Editor's note: Every Monday, PGA professional Kevin Hinton examines the game of a recent tour winner and tells you what you can learn. A Golf Digest Best Young Teacher, Kevin is the Director of Instruction at Piping Rock Golf Club, Locust Valley, N.Y., and is a Lead Master Instructor for the Jim McLean Golf School at Doral Resort & Spa. He also teaches at Drive 495 in New York. This week, Kevin takes a look at the elegant and relaxed swing of Martin Kaymer, whose final-round 63 propelled him to a three shot victory and his first World Golf Championship victory over the weekend. Kaymer birdied nine of his last 12 holes at the WGC-HSBC Champions in Shanghai, shooting 29 on the back 9, and easily erasing the five shots he trailed going into Sunday's final round. Here Kevin takes take a look at Kaymer's driver swing in the video below and explains what you can learn to improve your own game.
Kevin Hinton: Martin Kaymer has a classically beautiful swing with excellent footwork and rhythm. There are many things that the average player should copy. One part of his swing that is slightly unusual and I think noteworthy is the top-of-his backswing position. Martin allows his left arm to bend and he hinges his wrists fully. Most of his driver swings go past parallel.
A lot of the younger players on tour at this position have created a much "wider" arc. What I mean by this is, the golf swing is essentially a circle that swings around your body. Some circles are bigger than others. Many tour players have the left arm quite straight, with the hands and arms high above the shoulders. These players are described as having great "width" to their swings, essentially a big circle. Players like Ernie Els, Adam Scott, Nick Watney, Davis Love III and Bill Haas quickly come to mind.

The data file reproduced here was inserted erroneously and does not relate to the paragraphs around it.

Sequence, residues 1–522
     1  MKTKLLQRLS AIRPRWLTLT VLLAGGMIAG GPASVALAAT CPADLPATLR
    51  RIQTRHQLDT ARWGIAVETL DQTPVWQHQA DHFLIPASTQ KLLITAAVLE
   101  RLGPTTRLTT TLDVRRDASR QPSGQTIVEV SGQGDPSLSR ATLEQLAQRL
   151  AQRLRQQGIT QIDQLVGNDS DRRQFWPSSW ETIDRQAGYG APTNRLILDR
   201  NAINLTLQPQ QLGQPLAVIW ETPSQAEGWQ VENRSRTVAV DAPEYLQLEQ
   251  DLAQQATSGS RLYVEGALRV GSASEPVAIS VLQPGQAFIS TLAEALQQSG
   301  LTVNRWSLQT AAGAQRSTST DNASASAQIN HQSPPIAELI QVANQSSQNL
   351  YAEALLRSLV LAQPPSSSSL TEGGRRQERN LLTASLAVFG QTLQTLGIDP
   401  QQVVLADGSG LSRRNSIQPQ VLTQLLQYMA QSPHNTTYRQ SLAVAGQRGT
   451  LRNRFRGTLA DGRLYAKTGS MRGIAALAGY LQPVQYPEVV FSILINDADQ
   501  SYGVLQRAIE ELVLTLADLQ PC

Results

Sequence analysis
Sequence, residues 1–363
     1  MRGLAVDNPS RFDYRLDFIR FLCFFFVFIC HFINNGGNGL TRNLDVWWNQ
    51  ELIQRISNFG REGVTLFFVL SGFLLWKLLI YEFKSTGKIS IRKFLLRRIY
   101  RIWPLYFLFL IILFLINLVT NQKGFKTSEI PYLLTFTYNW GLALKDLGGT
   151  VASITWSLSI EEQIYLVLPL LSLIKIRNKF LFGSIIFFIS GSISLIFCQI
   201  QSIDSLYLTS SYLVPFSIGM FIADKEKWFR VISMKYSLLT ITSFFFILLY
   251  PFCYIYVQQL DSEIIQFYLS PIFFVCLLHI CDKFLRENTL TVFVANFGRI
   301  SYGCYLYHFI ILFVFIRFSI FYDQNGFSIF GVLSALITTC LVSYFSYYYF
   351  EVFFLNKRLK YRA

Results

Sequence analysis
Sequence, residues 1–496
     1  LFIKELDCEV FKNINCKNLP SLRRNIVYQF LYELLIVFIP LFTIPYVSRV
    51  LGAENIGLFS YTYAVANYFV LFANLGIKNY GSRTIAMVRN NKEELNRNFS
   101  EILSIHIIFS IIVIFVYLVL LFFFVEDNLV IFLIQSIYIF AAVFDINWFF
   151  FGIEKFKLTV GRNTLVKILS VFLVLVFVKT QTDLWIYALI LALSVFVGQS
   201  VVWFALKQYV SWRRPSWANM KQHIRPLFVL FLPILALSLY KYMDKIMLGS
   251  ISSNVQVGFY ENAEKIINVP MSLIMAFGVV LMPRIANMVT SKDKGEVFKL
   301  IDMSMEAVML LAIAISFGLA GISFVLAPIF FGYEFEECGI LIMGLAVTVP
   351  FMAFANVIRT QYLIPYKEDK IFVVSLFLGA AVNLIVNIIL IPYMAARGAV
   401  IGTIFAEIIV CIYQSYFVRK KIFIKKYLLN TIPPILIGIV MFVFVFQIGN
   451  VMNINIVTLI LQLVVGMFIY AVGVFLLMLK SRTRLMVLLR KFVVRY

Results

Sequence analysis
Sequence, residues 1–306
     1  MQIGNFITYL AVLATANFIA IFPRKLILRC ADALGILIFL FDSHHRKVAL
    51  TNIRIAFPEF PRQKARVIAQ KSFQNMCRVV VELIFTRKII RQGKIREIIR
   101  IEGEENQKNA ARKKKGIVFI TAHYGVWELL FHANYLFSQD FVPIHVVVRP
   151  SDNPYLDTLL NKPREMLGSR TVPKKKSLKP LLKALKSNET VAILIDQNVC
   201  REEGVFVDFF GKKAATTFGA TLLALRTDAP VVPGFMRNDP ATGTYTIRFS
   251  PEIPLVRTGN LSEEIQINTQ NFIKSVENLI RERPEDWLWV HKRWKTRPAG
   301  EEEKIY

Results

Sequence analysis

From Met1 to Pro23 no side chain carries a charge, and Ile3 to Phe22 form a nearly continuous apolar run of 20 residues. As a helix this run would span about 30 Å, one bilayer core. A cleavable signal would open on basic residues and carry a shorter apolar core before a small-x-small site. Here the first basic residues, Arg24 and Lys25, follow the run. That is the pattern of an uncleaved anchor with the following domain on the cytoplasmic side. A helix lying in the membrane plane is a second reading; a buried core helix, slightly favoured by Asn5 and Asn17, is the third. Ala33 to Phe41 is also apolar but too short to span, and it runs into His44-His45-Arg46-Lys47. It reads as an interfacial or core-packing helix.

The players on tour who look this way are often the young, slender, super-flexible types, or all of the above. I can't speak for my fellow PGA professionals, but this doesn't exactly describe my typical student, or myself. I've tried to get my left arm straight, create a huge arc, limit my wrist hinge at the top. It looks great on film, but guess what? It feels terrible and I hit it even worse. I pretty much can't do it without feeling way too much tension in my swing.
Tension in your arms and hands can be lethal to your swing. It certainly limits your power potential. That's why I love to show Kaymer's top-of-backswing position swing to my students. It looks "soft," relaxed, void of tension. Most importantly, it looks achievable. I'm not suggesting to collapse your left arm and allow the shaft to rest on your shoulder, but if you don't fit the description of the typical young tour star...quit fighting it. So loosen up, reduce your grip pressure, and allow the club to swing. The result will be a far better-feeling swing with more clubhead speed.